One zettabyte: that’s a one, followed by 21 zeros. 1,000,000,000,000,000,000,000. A trillion gigabytes.
This is the amount of data we – all over the internet, all over the world – consumed in 2010. In 2011, that number jumped to 1.8 zettabytes. Talk about information overload: users are bombarded with all types of information and cannot tell the difference between the ones they want to view, and the ones they are forced to view.
Are humans the web’s secret power? We think so. Humans are able to cater, filter, and share information to their network. If we had a computer to tell us what we like, would we ever fully rely on it? Does a robot really know what you want to eat for dinner every night? Not exactly. To put it another way, curation is the key moving forward online.
Curation – what is it? It’s valuable data that’s not yours, but you want to share it with the world. Users want hand-delivered information that is filtered out from all the nonsense floating throughout the rest of the web.
Curation is the next big thing. One quick look at Pinterest will give you an idea of how popular curation and sharing has become, and it’s only getting bigger.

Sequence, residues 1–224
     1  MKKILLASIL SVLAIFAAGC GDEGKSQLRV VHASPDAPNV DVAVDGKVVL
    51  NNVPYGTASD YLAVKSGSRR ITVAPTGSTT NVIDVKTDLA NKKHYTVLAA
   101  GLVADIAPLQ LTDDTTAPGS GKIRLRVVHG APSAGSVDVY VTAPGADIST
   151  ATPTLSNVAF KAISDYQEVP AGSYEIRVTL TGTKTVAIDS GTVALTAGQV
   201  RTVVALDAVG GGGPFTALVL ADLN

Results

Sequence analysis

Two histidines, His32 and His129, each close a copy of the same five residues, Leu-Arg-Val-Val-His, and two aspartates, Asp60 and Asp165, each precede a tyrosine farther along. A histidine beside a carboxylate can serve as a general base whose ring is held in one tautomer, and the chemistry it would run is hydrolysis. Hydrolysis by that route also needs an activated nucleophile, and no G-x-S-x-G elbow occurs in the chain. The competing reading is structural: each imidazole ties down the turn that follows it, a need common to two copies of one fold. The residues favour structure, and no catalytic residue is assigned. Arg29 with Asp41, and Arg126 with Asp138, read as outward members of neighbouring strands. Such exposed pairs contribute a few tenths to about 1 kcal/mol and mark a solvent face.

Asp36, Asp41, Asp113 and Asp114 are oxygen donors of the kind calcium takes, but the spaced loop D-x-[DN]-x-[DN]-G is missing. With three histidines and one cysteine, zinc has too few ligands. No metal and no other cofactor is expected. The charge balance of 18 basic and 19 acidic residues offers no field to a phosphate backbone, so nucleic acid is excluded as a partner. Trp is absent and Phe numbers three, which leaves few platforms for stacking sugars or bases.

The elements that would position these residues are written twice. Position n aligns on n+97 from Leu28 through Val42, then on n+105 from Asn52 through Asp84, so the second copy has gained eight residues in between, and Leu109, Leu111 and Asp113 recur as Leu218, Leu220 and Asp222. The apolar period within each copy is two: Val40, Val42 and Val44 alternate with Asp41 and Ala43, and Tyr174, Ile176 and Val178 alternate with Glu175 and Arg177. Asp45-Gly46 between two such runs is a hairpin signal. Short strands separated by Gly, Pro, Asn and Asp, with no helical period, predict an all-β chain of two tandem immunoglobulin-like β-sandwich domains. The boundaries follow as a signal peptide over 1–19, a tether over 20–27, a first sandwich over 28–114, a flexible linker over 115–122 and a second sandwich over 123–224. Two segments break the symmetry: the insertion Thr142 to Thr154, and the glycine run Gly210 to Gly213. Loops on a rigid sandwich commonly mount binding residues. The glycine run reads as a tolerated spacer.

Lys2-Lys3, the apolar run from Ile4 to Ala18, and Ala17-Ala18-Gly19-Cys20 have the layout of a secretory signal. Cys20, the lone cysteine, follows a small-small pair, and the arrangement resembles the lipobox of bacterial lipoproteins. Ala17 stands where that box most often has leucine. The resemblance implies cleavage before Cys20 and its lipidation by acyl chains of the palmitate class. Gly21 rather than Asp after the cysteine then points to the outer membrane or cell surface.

We encourage everyone to curate, but please do it properly and legally.
Here’s a best practices list, from a recent article published by Fast Company:
- If you don’t add context, or opinion, or voice and simply lift content, it’s stealing.
- If you don’t provide attribution, and a link back to the source, it’s stealing.
- If you take a large portion of the original content, it’s stealing.
- If someone asks you not to curate their material, and you don’t respect that request, it’s stealing.
- Respect published rights. If images don’t allow creative commons use, reach out to the image creator–don’t just grab it and ask questions later.
At NJI Media, we love to curate articles we find interesting – check out our tweets throughout the day. And don’t worry – we’re curating the legal way. You can do the same by following the simple guidelines above.